Magazine article Drug Topics

Patent Wars Continue to Rage

Magazine article Drug Topics

Patent Wars Continue to Rage

Article excerpt

The decades-old battle between the generic drug industry and brand-name pharmaceutical companies over patent rights has always been a David and Goliath fight. Little David's revenues in 2001 were $11.1 billion and Goliath's were about 11 times that, at $121 billion, with 20% and higher profit margins for several big innovator companies.

We know how the biblical clash ended, and Goliath is no doubt becoming increasingly apprehensive. David got some help from friends this year, including very proactive consumer groups like Prescription Access Litigation (PAL), a Boston coalition of 70 healthcare organizations. In the past 18 months, PAL has brought nearly three dozen class action lawsuits against pharmaceutical companies charging antitrust, false advertising, and price-fixing.

As for consumers, they're turning increasingly to generics. Last year, generic drugs had a 45% market share, up 12 points in 10 years, according to FTC officials. This year, David found a powerful ally in the federal government. One of the most significant setbacks to brand-name pharmaceutical companies since the fight with generics began may have happened in April. That's when the Federal Trade Commission announced a consent agreement with Biovail Corp. of Canada over the company's attempts to use ancillary patent filings to delay generic competition to its heart drug Tiazac (diltiazem). FTC declared many of Biovail's tactics illegal, and Biovail agreed not to use additional patent filings to delay generics in the future. But, most significantly, FTC also required Biovail to surrender part of its exclusive license to the patent in question.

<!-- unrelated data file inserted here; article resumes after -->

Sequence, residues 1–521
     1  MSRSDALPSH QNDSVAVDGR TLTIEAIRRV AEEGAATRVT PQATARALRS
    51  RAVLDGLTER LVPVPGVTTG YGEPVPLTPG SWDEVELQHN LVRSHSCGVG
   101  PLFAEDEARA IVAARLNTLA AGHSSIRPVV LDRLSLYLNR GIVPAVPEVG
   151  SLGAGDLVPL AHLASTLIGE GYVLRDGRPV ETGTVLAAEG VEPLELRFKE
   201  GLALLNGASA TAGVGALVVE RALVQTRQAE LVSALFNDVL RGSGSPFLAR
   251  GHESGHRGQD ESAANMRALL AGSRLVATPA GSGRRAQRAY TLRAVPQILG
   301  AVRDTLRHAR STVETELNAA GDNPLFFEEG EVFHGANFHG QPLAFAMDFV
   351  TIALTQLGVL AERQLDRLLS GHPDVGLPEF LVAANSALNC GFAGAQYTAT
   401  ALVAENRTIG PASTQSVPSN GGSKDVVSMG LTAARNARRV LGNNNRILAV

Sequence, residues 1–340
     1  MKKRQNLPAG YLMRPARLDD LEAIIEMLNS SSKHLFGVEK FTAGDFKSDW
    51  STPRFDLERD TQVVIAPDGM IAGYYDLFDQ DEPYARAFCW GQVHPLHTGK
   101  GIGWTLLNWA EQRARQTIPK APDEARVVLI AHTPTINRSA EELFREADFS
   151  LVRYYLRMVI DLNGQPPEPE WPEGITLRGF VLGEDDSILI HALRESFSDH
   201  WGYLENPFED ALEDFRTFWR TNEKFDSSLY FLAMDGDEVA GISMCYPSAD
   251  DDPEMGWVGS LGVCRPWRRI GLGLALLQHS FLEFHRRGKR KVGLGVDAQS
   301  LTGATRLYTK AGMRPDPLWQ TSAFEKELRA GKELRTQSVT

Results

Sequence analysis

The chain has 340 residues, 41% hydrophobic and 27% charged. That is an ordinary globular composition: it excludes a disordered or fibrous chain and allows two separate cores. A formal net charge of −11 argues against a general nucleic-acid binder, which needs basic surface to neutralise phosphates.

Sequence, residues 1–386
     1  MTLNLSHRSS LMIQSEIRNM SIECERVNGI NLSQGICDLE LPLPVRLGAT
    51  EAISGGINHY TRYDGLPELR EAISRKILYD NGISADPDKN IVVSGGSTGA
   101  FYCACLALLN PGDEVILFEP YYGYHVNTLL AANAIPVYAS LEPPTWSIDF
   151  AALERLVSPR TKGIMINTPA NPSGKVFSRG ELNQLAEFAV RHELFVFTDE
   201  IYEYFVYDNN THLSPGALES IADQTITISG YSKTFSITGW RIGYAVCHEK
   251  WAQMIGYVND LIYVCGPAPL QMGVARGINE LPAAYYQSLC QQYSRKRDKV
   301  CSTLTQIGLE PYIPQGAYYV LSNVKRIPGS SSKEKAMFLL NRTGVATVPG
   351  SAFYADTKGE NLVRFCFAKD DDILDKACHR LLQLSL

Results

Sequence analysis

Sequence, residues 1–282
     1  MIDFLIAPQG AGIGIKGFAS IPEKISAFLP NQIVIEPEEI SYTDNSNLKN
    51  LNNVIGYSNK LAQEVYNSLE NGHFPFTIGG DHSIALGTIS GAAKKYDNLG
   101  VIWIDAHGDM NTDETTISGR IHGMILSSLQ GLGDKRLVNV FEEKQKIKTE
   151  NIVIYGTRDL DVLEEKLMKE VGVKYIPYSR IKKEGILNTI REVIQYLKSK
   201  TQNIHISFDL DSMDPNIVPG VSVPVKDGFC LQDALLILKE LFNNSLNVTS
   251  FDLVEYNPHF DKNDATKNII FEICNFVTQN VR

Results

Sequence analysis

"FTC is being very aggressive in these cases," said David Balto, a former FTC official now with White & Case, a Washington, D.C., law firm. Forcing the divestiture of a patent is a remarkable and rarely used remedy, he said.

FTC announced in recent months that it is investigating several other cases in which brand-name drugmakers allegedly made deals with generic companies to keep generics from entering the market. In one example, FTC is investigating whether German drugmaker Bayer AG paid Barr Laboratories Inc. of Pomona, N.Y., $25 million per year to keep Barr from selling a generic equivalent of Bayer's top-selling antibiotic Cipro (ciprofloxacin), which brings in about $1 billion per year. …

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